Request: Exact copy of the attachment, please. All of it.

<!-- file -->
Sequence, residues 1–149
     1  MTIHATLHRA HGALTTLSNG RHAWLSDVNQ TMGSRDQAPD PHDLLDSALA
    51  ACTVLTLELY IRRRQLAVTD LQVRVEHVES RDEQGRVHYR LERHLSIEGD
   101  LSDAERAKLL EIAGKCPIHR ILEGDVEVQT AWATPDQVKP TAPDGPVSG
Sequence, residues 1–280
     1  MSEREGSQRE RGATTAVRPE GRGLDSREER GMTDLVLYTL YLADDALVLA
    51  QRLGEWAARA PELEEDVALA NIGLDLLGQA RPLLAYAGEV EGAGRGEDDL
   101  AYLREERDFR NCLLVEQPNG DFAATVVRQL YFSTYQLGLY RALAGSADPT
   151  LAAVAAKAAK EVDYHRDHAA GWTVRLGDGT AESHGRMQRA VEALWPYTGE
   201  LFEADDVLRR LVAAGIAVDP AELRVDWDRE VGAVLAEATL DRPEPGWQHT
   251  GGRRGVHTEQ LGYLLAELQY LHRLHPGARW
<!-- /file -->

Sequence, residues 1–149
     1  MTIHATLHRA HGALTTLSNG RHAWLSDVNQ TMGSRDQAPD PHDLLDSALA
    51  ACTVLTLELY IRRRQLAVTD LQVRVEHVES RDEQGRVHYR LERHLSIEGD
   101  LSDAERAKLL EIAGKCPIHR ILEGDVEVQT AWATPDQVKP TAPDGPVSG
Sequence, residues 1–280
     1  MSEREGSQRE RGATTAVRPE GRGLDSREER GMTDLVLYTL YLADDALVLA
    51  QRLGEWAARA PELEEDVALA NIGLDLLGQA RPLLAYAGEV EGAGRGEDDL
   101  AYLREERDFR NCLLVEQPNG DFAATVVRQL YFSTYQLGLY RALAGSADPT
   151  LAAVAAKAAK EVDYHRDHAA GWTVRLGDGT AESHGRMQRA VEALWPYTGE
   201  LFEADDVLRR LVAAGIAVDP AELRVDWDRE VGAVLAEATL DRPEPGWQHT
   251  GGRRGVHTEQ LGYLLAELQY LHRLHPGARW